Deep partnerships with governments contribute to systems change at scale. State and national governments have institutionalized the community video approach through committing financial and human resources and embedding the approach in extension strategies. The governments of India and Ethiopia have invested $21.6M in the approach, and 75% of districts we partner with in India have built capacity to independently sustain the approach.

And finally, farmer feedback and data enables constant iteration and high returns on investment. Feedback mechanisms must collect actionable data to enable realignment to individual and community needs. Digital Green’s ‘Connect online Connect Offline’ (COCO) platform tracks gender-disaggregated data and farmer feedback, which informs the next iteration of videos and helps curate content that results in increased impact. 

As a learning organization, we recognize that we have a long way to go – from ensuring that we continue to support our partners address the differences in quality across regions; that data is not just collected but used to make decisions; that content is truly targeted & tailored to the needs of farmers; and that farmers have the agency to choose the extension services they want by controlling and sharing their data on their own terms.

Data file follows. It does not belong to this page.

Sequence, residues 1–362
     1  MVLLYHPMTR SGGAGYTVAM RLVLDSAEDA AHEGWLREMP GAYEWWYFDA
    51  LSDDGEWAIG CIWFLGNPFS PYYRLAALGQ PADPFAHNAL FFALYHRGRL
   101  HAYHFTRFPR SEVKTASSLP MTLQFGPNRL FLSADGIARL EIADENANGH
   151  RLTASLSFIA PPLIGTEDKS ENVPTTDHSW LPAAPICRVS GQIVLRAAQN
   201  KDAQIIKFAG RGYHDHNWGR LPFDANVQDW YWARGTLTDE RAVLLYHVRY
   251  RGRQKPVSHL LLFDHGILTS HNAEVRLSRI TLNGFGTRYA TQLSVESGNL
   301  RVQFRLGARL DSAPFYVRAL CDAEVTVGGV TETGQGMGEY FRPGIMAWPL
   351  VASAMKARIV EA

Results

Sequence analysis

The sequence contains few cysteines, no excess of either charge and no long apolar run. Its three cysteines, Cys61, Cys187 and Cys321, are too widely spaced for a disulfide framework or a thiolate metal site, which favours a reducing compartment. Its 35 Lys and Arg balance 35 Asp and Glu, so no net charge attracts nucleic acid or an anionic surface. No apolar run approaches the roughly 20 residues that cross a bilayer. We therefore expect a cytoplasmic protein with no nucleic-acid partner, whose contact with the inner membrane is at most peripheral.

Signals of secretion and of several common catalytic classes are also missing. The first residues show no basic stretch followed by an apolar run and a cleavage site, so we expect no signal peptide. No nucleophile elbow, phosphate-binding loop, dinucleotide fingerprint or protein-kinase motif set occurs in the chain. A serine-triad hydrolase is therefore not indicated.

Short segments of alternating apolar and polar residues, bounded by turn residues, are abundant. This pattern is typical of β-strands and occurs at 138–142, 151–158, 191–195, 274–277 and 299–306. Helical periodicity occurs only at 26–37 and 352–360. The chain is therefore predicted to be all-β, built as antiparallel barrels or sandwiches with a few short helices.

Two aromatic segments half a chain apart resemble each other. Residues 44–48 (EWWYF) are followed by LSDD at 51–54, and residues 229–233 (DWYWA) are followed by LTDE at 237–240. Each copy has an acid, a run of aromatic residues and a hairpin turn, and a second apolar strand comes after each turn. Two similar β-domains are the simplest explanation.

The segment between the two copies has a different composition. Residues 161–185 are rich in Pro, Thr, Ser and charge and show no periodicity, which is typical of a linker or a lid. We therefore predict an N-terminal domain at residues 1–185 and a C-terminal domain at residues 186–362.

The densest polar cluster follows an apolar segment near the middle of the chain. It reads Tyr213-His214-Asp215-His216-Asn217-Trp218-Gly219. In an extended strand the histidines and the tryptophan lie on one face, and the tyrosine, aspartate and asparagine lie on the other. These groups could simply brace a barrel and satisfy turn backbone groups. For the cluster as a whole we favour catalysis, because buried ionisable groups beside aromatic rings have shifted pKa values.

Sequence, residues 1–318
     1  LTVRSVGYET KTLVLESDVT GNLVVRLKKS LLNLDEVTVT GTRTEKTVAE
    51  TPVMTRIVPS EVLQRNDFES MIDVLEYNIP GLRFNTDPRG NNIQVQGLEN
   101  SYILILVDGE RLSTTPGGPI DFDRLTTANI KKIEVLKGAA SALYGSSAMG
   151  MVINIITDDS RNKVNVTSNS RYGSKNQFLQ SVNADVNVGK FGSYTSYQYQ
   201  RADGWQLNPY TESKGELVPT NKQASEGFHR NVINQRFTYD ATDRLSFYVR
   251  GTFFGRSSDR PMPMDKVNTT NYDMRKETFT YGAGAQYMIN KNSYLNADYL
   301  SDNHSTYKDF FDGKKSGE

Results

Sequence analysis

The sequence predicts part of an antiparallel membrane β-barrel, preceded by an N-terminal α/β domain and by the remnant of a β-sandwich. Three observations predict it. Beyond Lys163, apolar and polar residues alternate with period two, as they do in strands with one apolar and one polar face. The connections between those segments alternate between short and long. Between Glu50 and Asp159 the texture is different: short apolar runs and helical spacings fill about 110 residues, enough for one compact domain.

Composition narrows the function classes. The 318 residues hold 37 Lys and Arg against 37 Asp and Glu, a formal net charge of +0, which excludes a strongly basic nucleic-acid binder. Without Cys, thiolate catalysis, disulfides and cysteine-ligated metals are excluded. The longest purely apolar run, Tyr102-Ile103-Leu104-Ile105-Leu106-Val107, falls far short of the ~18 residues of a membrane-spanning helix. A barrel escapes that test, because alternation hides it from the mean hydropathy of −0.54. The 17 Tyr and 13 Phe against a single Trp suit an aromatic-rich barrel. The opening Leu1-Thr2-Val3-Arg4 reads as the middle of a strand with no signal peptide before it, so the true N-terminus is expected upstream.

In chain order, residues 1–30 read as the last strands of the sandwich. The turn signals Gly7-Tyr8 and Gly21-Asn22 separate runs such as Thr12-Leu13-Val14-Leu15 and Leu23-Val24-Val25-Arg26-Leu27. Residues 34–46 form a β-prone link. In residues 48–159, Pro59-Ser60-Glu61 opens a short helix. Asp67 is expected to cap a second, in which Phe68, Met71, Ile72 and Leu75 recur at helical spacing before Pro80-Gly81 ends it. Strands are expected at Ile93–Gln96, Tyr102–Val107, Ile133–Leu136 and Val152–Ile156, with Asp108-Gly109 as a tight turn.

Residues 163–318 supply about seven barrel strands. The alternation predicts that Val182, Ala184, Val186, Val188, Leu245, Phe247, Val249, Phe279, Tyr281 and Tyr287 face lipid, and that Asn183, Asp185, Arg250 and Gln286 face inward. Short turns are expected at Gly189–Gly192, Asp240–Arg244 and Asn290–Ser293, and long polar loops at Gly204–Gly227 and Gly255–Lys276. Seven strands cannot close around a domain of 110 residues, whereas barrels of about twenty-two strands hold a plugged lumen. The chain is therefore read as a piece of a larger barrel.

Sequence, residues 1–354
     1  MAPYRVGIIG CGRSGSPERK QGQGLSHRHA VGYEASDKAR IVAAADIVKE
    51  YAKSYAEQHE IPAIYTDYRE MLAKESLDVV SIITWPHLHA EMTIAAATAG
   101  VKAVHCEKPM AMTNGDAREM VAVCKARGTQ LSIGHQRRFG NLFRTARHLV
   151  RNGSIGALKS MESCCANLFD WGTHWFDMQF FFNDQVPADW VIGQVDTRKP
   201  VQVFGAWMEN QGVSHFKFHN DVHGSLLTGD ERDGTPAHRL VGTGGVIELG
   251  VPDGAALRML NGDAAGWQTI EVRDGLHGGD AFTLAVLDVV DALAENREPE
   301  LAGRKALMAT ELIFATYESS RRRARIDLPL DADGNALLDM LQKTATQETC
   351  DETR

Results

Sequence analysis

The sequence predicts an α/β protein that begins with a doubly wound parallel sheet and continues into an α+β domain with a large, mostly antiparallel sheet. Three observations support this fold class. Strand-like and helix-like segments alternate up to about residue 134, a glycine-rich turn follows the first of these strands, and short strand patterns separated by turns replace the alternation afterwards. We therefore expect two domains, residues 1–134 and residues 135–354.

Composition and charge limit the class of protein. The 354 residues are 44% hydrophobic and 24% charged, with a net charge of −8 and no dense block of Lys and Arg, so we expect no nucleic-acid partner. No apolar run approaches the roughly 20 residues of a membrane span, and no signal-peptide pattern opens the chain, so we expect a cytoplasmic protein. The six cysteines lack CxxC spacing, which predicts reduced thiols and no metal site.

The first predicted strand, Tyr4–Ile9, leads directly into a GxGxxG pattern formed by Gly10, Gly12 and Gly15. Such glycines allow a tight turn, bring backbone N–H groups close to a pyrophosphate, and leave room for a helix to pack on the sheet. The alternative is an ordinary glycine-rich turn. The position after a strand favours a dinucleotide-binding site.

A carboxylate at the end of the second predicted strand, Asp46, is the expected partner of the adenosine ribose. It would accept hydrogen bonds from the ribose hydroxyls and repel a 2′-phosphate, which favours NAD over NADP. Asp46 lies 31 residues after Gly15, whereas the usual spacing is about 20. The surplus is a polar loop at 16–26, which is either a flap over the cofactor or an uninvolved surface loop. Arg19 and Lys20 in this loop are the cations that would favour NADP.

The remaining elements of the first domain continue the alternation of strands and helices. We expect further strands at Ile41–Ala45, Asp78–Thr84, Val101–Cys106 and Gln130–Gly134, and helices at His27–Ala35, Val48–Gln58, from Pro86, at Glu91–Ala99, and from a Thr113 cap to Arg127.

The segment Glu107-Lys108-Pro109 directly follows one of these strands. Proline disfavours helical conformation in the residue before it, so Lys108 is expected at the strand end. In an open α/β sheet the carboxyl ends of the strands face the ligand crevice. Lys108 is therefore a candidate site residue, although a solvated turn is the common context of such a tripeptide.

Starting today, and over the next few weeks, we will share some of our main evidence & learnings in the form of short videos by prominent researchers who have evaluated our collective impact.


Independent Digital Development Consultant, Martine Koopman, who supported USAID, DFID, BMGF and IFAD funded research by Landell Mills shares here findings on the use of integrated communication channels (video, radio, and IVR advisories) in disseminating agronomic practices in Ethiopia.


Beyond agriculture, Digital Green has also tested its approach to support health and nutrition messaging among rural farming families. Suneetha Kadiyala, Senior Lecturer (Associate Professor) at London School of Hygiene and Tropical Medicine (LSHTM) and the team will share preliminary findings from a 4-arm cluster RCT, in Odisha, India to test participatory videos to promote nutritionally sensitive agriculture (NSA) & use of participatory learning and action meetings.



Katya Vasilaky, Assistant Professor at California Polytechnic State University-San Luis Obispo talks about the impact of the community video approach when tested at scale in Bihar with the State livelihood mission called JEEViKA. This randomized controlled trial spanning two seasons studies one crop (rice) with a focus on the System of Rice Intensification and also studies different types of messages delivered to farmers.


David Speilman, Senior Research Fellow at International Food Policy Research Institute (IFPRI) shares the main outcomes from a study evaluating the impact of the community video approach in Ethiopia (on reach, knowledge, adoption, yield & cost-effectiveness). This study was done in the context of three crops (teff, wheat, maize) & practices already being promoted by the Ministry of Agriculture (e.g., row planting, precise seeding rate & urea dressing), and also varied with the gender of the recipient; This RCT was part of a larger research collaboration between IFPRI and Digital Green in Ethiopia, of which many outputs are discussed in this video.